Gallop Poll Gives Mills 57 per cent Approval Rating
4/28/2012 8:00:37 AM -
President J. E. A. Mills - He is rated the 24th best leader in Africa. Majority of Ghanaians approve of the way President John Evans Atta Mills is running the affairs of the country, a poll conducted by Gallup Incorporated has revealed.
According to the poll released on Wednesday, 57 per cent of the residents of Ghana approve of the job the President is doing, while 42 per cent disapprove.
The rating makes President Mills’s leadership style the 24th among the 34 sub-Saharan African countries on the rankings.
According to Gallup, the results of the poll, which was conducted in 2011, were based on face-to-face interviews.
Similar polls were held in Angola, Benin, Botswana, Burkina Faso, Burundi, Cameroon, the Central African Republic, Chad, The Comoros, the Democratic Republic of the Congo, Gabon, Guinea and Kenya.
Others are Lesotho, Liberia, Madagascar, Malawi, Mali, Mauritania, Mauritius, Mozambique, Niger, Nigeria, the Republic of Congo, Senegal, Sierra Leone, South Africa, Swaziland, Tanzania, Togo, Uganda, Zambia and Zimbabwe.
The interviewees were asked: “Do you approve or disapprove of job performance of the President?”
For results based on the total sample of national adults of 15 years and older, one can say with 95 per cent confidence that the maximum margin of sampling error ranged from ±3.3 percentage points to ±4.3 percentage points.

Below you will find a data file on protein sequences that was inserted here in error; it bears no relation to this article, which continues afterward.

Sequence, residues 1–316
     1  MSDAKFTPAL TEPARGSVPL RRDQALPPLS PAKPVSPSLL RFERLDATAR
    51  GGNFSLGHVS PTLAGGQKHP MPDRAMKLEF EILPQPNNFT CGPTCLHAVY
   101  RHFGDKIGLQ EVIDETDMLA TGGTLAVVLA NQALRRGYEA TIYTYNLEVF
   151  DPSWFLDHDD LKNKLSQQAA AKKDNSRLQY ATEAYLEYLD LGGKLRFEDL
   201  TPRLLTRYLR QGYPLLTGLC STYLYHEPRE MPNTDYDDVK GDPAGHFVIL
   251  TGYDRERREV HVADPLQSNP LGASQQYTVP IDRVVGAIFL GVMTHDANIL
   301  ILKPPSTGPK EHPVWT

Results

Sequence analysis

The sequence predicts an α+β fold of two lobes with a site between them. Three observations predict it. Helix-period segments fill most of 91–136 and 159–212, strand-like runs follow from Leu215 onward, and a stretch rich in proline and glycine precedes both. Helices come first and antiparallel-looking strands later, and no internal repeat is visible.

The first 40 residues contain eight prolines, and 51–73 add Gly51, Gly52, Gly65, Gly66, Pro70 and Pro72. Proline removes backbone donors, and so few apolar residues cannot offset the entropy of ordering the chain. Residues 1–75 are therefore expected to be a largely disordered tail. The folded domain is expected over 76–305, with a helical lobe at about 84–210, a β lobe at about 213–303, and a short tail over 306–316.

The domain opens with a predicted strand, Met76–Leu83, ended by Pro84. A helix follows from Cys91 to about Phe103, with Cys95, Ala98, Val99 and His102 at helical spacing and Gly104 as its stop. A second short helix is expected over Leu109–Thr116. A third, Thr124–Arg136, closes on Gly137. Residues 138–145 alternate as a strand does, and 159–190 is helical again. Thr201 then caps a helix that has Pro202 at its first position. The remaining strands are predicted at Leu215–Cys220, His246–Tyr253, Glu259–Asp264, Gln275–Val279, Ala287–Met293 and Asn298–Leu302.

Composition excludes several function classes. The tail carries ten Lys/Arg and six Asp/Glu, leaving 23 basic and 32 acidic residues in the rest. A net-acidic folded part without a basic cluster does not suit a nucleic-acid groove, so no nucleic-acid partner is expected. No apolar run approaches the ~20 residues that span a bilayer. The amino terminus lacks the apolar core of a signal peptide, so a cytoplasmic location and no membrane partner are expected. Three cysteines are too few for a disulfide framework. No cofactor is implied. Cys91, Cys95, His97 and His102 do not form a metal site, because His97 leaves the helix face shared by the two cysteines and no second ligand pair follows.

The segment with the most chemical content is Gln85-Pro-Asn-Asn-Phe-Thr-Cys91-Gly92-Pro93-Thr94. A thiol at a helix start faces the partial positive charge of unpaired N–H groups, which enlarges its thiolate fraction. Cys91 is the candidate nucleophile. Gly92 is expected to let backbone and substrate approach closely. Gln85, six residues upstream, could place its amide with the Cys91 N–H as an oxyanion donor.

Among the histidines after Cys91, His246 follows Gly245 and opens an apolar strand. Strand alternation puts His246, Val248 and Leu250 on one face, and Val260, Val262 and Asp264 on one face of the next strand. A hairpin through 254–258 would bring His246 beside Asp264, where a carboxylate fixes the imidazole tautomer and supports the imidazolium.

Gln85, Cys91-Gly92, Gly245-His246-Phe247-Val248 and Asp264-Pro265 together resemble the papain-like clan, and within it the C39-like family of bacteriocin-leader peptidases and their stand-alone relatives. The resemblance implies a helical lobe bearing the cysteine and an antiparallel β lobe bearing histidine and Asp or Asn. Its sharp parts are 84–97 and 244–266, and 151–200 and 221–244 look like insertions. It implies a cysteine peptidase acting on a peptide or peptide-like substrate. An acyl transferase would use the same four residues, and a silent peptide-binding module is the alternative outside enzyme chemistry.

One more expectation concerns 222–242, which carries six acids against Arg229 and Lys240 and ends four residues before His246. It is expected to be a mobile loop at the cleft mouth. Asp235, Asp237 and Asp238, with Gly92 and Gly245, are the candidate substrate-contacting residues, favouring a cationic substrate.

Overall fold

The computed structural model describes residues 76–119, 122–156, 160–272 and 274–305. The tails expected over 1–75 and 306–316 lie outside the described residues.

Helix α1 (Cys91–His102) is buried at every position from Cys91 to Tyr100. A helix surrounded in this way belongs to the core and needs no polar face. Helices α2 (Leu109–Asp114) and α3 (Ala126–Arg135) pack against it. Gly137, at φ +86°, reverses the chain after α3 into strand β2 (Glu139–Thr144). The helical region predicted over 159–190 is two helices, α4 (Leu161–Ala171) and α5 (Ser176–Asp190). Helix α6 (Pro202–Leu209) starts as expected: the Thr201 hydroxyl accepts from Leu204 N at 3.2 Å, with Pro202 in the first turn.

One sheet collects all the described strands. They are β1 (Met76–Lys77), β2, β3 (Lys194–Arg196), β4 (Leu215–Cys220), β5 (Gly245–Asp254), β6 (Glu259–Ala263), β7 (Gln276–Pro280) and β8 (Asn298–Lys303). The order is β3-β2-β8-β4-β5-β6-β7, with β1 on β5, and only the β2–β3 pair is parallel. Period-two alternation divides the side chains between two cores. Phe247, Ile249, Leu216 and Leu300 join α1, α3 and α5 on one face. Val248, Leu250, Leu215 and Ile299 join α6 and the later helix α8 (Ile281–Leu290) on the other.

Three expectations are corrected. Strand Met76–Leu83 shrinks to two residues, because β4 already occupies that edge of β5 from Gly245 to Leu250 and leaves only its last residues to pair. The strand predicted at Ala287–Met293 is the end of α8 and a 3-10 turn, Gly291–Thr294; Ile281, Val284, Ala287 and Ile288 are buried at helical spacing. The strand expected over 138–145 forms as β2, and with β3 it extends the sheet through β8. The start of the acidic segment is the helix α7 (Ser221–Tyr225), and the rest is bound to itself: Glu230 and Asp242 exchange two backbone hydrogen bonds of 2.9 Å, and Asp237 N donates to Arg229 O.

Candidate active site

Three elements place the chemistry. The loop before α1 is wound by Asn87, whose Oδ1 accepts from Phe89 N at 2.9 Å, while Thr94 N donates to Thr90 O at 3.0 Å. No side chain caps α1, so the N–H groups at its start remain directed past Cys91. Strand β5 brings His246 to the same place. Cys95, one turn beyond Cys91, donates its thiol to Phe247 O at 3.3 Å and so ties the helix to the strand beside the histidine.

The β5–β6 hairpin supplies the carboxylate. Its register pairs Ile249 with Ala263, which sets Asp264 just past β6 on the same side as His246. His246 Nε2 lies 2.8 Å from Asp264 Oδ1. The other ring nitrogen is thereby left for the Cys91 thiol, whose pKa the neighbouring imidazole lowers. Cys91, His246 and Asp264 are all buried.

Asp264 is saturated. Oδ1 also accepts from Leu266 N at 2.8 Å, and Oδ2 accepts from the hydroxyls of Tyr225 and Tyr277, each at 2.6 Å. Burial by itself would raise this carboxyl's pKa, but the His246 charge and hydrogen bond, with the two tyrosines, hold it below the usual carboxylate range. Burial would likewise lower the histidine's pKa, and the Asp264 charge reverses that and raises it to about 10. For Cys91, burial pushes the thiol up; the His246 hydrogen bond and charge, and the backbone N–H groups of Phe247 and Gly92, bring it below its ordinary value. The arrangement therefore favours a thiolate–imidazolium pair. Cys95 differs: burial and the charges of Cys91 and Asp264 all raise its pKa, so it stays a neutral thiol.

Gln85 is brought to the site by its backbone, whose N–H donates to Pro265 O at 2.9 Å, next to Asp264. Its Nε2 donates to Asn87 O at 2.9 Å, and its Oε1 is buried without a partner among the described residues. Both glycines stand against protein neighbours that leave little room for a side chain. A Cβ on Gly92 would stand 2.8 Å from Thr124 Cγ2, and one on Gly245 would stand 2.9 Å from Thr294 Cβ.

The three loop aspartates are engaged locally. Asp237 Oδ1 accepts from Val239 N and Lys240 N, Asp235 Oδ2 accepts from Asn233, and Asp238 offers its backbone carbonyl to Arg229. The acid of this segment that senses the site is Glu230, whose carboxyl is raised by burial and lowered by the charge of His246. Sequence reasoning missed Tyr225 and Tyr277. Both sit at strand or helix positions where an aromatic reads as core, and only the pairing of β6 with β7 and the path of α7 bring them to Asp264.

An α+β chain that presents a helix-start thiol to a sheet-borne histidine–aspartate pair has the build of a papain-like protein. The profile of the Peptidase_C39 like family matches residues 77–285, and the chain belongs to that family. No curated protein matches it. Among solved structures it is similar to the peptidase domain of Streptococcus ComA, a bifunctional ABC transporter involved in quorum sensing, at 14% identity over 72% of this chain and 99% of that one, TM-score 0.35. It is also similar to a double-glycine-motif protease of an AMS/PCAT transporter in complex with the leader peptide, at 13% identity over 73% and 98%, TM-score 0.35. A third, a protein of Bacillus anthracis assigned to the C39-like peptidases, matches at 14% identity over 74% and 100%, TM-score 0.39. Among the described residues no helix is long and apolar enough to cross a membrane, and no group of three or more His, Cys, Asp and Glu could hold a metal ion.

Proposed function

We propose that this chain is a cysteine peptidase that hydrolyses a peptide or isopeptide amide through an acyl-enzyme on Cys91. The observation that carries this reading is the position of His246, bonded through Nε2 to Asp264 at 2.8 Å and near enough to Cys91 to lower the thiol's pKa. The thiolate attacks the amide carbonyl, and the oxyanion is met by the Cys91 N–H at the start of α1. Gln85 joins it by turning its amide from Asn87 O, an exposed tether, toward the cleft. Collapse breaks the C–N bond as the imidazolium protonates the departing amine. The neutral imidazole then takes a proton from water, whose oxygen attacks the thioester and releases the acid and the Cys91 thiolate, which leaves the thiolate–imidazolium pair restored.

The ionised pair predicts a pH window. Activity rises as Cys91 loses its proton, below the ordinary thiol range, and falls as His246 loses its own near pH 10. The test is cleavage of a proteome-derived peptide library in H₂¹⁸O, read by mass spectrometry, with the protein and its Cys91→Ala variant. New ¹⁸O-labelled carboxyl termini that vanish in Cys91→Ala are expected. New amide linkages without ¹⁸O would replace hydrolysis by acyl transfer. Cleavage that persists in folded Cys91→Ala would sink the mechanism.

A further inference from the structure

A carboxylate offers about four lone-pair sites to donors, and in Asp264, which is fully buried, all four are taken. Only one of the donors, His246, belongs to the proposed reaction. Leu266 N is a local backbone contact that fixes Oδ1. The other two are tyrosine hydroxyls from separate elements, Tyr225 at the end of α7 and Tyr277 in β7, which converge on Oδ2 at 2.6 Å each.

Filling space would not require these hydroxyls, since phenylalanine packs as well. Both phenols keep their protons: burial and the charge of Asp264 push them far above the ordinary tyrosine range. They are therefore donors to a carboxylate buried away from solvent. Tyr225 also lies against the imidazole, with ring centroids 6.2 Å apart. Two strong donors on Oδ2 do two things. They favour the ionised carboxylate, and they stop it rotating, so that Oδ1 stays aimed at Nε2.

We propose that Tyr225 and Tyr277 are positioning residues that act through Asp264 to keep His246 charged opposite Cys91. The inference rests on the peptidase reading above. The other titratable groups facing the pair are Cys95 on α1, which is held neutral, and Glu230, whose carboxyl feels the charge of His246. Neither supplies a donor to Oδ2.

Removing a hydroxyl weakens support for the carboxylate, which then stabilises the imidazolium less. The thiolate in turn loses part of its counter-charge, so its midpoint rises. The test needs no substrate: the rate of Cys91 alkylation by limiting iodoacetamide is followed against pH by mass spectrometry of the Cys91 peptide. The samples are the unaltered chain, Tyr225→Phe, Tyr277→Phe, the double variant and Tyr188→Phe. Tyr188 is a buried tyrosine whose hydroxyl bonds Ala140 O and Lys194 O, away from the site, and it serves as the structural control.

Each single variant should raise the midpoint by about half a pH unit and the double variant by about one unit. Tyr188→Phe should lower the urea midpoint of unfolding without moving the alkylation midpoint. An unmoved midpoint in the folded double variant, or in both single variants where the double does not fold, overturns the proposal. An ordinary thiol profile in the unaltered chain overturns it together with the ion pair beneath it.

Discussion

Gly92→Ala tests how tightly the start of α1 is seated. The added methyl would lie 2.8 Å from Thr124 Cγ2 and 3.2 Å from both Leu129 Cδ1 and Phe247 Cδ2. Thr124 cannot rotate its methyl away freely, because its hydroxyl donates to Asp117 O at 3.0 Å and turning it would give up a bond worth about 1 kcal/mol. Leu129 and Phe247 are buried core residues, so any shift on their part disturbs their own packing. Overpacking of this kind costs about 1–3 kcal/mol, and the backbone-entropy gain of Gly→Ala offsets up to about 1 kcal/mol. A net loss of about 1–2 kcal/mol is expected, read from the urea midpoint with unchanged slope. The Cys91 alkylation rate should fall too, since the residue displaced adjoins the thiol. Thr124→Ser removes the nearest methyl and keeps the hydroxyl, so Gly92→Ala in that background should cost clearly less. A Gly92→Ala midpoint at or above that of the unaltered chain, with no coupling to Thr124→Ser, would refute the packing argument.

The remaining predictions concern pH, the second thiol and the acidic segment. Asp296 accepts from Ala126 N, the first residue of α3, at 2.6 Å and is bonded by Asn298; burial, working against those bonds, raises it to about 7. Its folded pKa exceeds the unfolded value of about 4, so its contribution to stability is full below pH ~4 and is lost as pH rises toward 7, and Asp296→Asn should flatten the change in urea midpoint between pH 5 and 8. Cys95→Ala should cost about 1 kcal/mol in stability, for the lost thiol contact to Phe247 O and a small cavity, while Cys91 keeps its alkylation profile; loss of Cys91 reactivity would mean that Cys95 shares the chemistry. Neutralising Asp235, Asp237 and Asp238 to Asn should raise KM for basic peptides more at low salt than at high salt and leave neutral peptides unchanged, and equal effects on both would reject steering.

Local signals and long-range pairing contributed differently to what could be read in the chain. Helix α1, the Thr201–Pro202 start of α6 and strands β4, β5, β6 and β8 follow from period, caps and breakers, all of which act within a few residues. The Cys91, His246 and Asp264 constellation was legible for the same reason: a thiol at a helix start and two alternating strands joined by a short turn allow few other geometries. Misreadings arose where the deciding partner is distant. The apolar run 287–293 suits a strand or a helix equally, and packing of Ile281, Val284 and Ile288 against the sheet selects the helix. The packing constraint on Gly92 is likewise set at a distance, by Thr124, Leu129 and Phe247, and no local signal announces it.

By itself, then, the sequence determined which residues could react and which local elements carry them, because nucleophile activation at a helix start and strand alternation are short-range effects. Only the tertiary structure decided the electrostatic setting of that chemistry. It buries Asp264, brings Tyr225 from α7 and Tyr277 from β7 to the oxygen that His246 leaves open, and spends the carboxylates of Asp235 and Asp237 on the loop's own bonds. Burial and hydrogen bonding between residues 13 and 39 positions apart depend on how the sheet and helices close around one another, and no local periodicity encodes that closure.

The margin of error reflects the influence of data weighting. In addition to sampling error, question wording and practical difficulties in conducting surveys can introduce error or bias into the findings of public opinion polls.
Gallup Incorporated is primarily a research-based performance-management consulting company in the United States of America (USA).
Meanwhile, residents of most of the 34 sub-Saharan African countries Gallup surveyed in 2011 gave high marks to their chief political executives, including residents of Mali where the president was ousted in a military coup late last month.
As points of comparison, most African leaders earned higher approval from their public in 2011 than US President Barack Obama and British Prime Minister David Cameron did from theirs.
Approval ratings were strongly associated with institutional confidence and local economy.
The leaders of Burundi, Benin and Mali received the highest ratings from their constituents, earning approval from nearly nine in 10 residents.
Approval ratings for the Burundi President, Pierre Nkurunziza, were ranked first in the region with 89 per cent, while Angola’s Jose Eduardo dos Santos’s ratings were last with 16 per cent approvals from his countrymen and women.